Africa Gets a New Bitcoin Marketplace as Tanjalo Launches in Nigeria

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Tanjalo, a blockchain startup in Nigeria has launched an online marketplace where residents can buy and sell bitcoin. The Lagos based company officially began operations on October 12 in a bid to address borderless payments and access to cryptocurrencies in West Africa. Tanjalo’s CTO and Co-founder Tim Akinbo also runs the only node in West Africa.

Bitcoin enthusiasts look at Africa as a vast potential market for cryptocurrencies. Tanjalo is taking the challenge by allowing Nigerians to exchange their local Naira for bitcoin. The firm intends to add more digital currency alternatives over time. With cryptocurrency, locals can access a global payment network regardless of whether they have a bank account or not. 

Speaking to Cryptovest, Tim, who runs the only bitcoin node in West Africa, said of the launch:

“Our mission is to offer people with the opportunity to participate in the financial ecosystem with or without a bank account or mobile money wallet especially in a region that has the highest rate of financial exclusion in the world.”

Nigeria, alongside Ghana, Kenya, and South Africa lead the continent in bitcoin volumes according to data from localbitcoins. Weekly trading volumes averaged at 1,140,000,000 Naira, roughly $ 3.2 million. But according to Tim, there is more trading activity happening offline that is not captured by peer-to-peer marketplace data. His startup is targeting a piece of this market and has already launched a beta where customers can buy bitcoins.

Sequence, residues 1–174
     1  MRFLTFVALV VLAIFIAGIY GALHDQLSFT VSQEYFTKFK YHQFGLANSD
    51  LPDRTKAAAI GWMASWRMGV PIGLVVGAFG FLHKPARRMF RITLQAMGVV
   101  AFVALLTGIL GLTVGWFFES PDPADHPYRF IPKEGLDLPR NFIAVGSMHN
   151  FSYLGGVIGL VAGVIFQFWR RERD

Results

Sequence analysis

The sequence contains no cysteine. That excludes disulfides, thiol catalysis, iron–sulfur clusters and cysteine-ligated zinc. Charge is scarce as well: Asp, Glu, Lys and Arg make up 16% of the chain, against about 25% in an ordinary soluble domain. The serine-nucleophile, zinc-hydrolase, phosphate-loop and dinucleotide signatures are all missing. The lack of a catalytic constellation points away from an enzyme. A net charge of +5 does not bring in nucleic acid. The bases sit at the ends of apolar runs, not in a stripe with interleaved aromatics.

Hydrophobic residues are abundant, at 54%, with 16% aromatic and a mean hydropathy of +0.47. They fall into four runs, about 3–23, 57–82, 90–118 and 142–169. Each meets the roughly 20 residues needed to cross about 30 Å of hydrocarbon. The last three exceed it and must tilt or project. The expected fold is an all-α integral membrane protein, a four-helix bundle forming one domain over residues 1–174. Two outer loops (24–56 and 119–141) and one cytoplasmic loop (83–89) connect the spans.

Nigerians are all too familiar with what can go wrong with fiat currencies. Last year, cornered by a dollar shortage, the Central bank of Nigeria imposed FX limits, a move that hurt local startups and businesses making international payments. The regulator’s 16-month dollar naira fixed peg forced locals to turn to 6 different exchange rates on the black market.

Tim says the nation’s dependence on US dollars from oil exports sometimes works against the country even choking intra-African trade between countries that neighbor Nigeria, like Ghana.  He sees digital currencies as an inflection point for the new financial order.

Officials from the Central Bank of Nigeria agree cryptocurrencies are disruptive. At a conference in Lagos in September, Musa Jimoh Deputy Director/Head, Payments System Policy and Oversight, CBN said

“[we] cannot stop the tide of waves generated by the blockchain technology and its derivatives. Currently, we have taken measures to create four departments in the institution that are looking forward to harmonise the white paper on Crypto currency.”

Nigeria receives over $21 billion in remittances annually. The cost of remittances into African countries is highest at over 9% compared to all the regions of the world. Services like Tanjalo and up and coming Nigerian startups like BitPesa, Nairex, and Bitkoin.Afrika, can significantly lower costs by leveraging cryptocurrencies as a settlement currency and medium of exchange.

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